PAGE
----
Someone asked me how many books I read in a year. The truth is that I have no idea (it’s somewhere between “lots” and “holy cow”), so as my New Year’s Resolution (along with Be Tidier and More Patient and Buy a House and Get a Real Job and Knit a Sweater) I decided to keep track.
I bought a little Moleskine notebook (so long, Resolution #45, Spend Less Money) and started writing them down.
Well it’s almost July now and I just finished book #117, Petite Anglaise by Catherine Sanderson.
“Petite Anglaise,” if you don’t know, is the name of a blog. I am new to the whole blog writing thing myself, but I have long been a fan of blog reading. For one thing, you can read blogs wherever there’s a computer. In the library when you’re supposed to be writing a paper! At home when you should be cleaning the bathroom! And as much as I have heard people sneer at blogs, the truth is that there’s some darn fine writing out there.
Anyhow, “Petite Anglaise” is the nom de blog of Catherine Sanderson, an expat Brit living in Paris. (I am an anglophile. An unrepentant one.) She had all sorts of Parisian adventures in life an love on her blog, and eventually wrote a book. I like reading the published books of my favourite blog authors. I’m interested in how the two formats are different, and how they come down to the same thing: people, and writing, and reading, and life. It’s also nice to have a good big chunk of someone’s writing – blog entries are usually quite short, but a decent-sized book will take up a whole Saturday.
Petite Anglaise, the book, was pretty good. I don’t necessarily care for the way she writes – it’s not terribly fresh, a little precious and stilted here and there – but for some reason I really enjoy the blog and I liked the book too. I think it’s a question of voice. Sometimes my students ask me what voice means – it’s hard to explain. Here’s the best I can do: voice is like sitting down with your friend after a long absence and catching up. You hear the way she tells the stories, you see her eyes as they share the details with you, and you don’t care that an idiosyncratic turn of phrase is a little off because she’s your friend and that is the way she speaks. So although I’ve never met Ms. Sanderson and probably never will, I enjoyed the book and I enjoy the blog and I’ll buy whatever she writes next, too.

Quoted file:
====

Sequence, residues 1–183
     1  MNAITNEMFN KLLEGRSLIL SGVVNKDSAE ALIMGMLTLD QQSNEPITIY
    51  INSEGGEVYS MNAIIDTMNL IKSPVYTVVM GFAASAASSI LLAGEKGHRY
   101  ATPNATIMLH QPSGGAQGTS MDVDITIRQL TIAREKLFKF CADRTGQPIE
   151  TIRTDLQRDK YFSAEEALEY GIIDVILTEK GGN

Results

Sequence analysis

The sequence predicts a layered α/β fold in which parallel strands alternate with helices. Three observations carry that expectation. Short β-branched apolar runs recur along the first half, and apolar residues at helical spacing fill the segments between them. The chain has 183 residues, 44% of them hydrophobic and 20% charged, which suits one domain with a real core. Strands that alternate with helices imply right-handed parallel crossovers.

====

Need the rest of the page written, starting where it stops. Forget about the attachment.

My favourite part, if you’re wondering, was her descriptions of Paris. I love hearing people talk about something they have a passion for– she loves Paris with a heartbreaking love and now I do, too.
“Although the air was still crisp and cold, the sky was a cheerful periwinkle blue, and birds chirped in the branches above…I decided on a whim to take a stroll. Narrowing my eyes, blocking out the cars parked bumper to bumper along the curbside, and substituting the tarmac for cobblestones, I imagined I was walking through a village, far from the capital. Belleville was full of surprises: cul-de-sacs of terraced houses with walled gardens hidden in the shadow of high-rise apartment buildings, private courtyards filled with greenery concealed behind heavy double doors, one- or two-storey structures that had once been farmhouses or workshops….”
Good stuff, Petite.